Watches: Licensed to make Bond’s watches, CAR+ November 2015

Published: 28 September 2015

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The world is going Spectre-crazy and CAR’s watch column offers no resistance, particularly as James Bond’s watches are almost as integral to his identity as his cars. Fleming gave his hero a ‘heavy Rolex Oyster Perpetual on a metal bracelet,’ but for the last twenty years Omega has provided his wristwear. It pays for the privilege, but as a supplier to the British military since the Second World War and the maker of some of the world’s best diving watches, it’s the brand a Royal Navy Commander would actually wear.

Omega Seamaster Aqua Terra 150M Limited Edition: £4630

Subtle James Bond branding – one for the fans

This watch doesn’t appear in the film and is offered in a barely limited run of 15,007 pieces. The Aqua Terra design is slimmer than Omega’s other diving watches, and the Bond branding on this one is limited to a subtle dial pattern based on his coat of arms, and a very precise anti-magnetic rating of 15,007 gauss. The crystal caseback reveals an oscillating weight cut to look like the gun barrel from the film’s opening credits, and it winds a super-precise co-axial movement.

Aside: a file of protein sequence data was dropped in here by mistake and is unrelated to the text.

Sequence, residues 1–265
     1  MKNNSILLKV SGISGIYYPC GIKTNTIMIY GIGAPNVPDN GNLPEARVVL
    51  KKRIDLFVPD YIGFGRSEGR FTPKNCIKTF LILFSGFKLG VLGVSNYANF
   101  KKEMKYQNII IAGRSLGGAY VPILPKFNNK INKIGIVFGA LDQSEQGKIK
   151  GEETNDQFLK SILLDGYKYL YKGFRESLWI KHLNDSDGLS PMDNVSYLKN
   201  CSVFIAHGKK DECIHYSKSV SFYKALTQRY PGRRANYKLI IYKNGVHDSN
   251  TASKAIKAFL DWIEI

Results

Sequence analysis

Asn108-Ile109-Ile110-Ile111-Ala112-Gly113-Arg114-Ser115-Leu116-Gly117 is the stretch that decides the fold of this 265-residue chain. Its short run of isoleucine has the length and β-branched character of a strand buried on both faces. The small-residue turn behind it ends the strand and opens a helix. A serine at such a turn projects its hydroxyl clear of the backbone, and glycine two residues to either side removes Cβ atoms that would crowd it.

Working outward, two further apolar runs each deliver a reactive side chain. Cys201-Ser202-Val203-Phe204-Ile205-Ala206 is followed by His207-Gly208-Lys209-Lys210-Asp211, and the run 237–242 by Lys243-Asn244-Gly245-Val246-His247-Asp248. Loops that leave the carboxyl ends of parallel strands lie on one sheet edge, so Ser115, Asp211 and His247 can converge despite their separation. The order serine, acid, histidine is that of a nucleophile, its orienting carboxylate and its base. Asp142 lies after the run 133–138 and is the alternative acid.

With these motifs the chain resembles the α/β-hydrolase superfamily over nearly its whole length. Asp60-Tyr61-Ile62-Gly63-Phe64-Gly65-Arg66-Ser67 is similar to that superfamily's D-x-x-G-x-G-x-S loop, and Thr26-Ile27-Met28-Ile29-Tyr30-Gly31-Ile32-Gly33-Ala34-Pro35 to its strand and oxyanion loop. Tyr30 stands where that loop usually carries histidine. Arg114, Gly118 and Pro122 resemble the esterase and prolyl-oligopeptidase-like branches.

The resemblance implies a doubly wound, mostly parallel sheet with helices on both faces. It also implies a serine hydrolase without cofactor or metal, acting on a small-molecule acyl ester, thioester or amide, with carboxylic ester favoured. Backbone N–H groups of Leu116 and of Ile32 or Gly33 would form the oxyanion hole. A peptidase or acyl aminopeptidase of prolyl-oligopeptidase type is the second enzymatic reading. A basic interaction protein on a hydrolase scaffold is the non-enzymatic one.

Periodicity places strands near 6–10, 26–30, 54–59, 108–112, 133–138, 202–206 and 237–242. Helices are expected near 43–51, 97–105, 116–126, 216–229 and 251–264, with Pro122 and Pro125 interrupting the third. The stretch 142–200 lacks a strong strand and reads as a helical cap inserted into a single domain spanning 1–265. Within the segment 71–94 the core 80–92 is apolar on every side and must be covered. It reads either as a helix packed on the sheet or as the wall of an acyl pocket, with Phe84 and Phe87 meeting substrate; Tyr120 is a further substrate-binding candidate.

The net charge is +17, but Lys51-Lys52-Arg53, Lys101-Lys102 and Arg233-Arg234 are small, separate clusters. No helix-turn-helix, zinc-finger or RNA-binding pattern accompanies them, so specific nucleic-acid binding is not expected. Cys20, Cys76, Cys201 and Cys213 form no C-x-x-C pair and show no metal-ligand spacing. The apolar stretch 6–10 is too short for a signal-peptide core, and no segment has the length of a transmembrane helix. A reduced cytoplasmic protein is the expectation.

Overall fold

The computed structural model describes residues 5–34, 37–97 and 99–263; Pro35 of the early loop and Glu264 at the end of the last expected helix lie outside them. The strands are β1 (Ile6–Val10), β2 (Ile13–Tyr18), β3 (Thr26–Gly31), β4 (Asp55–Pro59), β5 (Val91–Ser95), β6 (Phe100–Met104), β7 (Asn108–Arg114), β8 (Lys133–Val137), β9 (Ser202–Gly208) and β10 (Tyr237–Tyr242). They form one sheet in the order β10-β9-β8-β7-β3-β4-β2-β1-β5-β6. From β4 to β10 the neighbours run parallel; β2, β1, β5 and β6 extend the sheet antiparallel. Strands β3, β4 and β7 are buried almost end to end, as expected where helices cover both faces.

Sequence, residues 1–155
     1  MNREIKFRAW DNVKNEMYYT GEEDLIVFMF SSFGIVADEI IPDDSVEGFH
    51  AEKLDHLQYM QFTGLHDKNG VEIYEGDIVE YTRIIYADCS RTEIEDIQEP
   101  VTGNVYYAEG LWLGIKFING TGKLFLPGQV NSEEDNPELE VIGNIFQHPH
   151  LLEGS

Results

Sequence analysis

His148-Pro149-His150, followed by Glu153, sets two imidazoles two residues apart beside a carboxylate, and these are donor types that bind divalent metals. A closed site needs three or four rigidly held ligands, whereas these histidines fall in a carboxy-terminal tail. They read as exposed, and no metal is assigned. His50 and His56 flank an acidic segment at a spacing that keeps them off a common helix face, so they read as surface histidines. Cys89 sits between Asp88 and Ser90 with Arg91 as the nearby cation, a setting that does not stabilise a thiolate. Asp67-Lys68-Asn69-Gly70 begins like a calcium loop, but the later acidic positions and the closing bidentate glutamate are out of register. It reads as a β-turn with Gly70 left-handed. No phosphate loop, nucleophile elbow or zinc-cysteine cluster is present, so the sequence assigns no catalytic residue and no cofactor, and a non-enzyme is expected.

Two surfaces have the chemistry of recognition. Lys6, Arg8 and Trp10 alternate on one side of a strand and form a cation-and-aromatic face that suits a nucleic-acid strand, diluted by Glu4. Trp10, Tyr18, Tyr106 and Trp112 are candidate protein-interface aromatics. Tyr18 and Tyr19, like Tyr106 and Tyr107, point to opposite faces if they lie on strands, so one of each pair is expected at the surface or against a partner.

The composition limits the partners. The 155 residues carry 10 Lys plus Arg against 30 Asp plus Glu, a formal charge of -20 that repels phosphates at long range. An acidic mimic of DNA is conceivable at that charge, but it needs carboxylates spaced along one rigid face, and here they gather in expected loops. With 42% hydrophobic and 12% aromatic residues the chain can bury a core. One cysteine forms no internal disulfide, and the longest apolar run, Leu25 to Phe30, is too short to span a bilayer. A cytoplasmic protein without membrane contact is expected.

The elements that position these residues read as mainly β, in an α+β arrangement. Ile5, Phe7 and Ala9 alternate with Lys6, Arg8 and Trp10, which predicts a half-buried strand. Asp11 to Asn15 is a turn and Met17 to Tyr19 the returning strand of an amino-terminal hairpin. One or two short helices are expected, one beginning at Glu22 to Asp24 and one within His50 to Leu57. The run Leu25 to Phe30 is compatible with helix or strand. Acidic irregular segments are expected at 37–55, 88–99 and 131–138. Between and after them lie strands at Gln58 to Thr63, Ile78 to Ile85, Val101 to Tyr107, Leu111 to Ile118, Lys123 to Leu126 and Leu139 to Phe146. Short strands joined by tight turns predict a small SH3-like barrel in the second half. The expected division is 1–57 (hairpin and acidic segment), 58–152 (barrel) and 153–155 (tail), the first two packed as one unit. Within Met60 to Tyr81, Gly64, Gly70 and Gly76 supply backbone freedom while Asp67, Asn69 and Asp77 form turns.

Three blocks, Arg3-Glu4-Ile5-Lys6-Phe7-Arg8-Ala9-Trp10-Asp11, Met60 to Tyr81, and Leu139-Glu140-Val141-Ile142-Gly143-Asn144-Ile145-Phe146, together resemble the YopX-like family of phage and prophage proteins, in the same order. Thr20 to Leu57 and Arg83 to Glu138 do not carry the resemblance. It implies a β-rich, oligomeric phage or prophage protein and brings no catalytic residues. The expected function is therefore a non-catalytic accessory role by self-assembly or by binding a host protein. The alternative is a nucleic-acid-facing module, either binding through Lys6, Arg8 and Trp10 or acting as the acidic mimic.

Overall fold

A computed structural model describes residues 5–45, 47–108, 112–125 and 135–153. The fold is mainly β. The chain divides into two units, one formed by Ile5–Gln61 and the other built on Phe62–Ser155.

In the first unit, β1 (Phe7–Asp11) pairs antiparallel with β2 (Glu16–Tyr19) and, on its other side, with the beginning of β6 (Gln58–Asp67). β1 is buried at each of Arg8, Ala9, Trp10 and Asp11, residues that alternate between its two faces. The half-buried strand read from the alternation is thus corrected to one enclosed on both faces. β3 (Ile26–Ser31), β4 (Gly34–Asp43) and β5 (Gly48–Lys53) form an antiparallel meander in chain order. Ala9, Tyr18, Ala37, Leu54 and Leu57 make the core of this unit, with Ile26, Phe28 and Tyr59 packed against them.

Omega Seamaster 300 Spectre Limited Edition: £4785

Retro look for Bond’s actual watch

This is the watch that Daniel Craig wears in Spectre, and it is being offered in a not-very limited edition run of 7007 pieces. Its styling echoes Omega’s legendary divers’ watches of the ’50s and ’60s, down to the ‘aged’ dial and hands. The front is pleasingly free of any Bond references, but the caseback carries the Spectre logo. The fabric NATO strap is the same pattern as the one worn (with a Rolex) by Sean Connery in Dr. No.

Omega Seamaster Professional 2531.80: £1800

Bond’s first Omega, and now a true classic

Pierce Brosnan wore this classic blue-dialled Seamaster for his four outings as Bond. He started with the quartz version in GoldenEye in 1995, but the automatic version used in the next three films is more collectible. Good-looking, tough and wearable, it now sells for around twice its asking price when new and is unlikely to lose you money. Buy from a reliable source such as Watchfinder (, and look for one with its original box and papers, and a recent service.

By Ben Oliver

Contributing editor, watch connoisseur, purveyor of fine features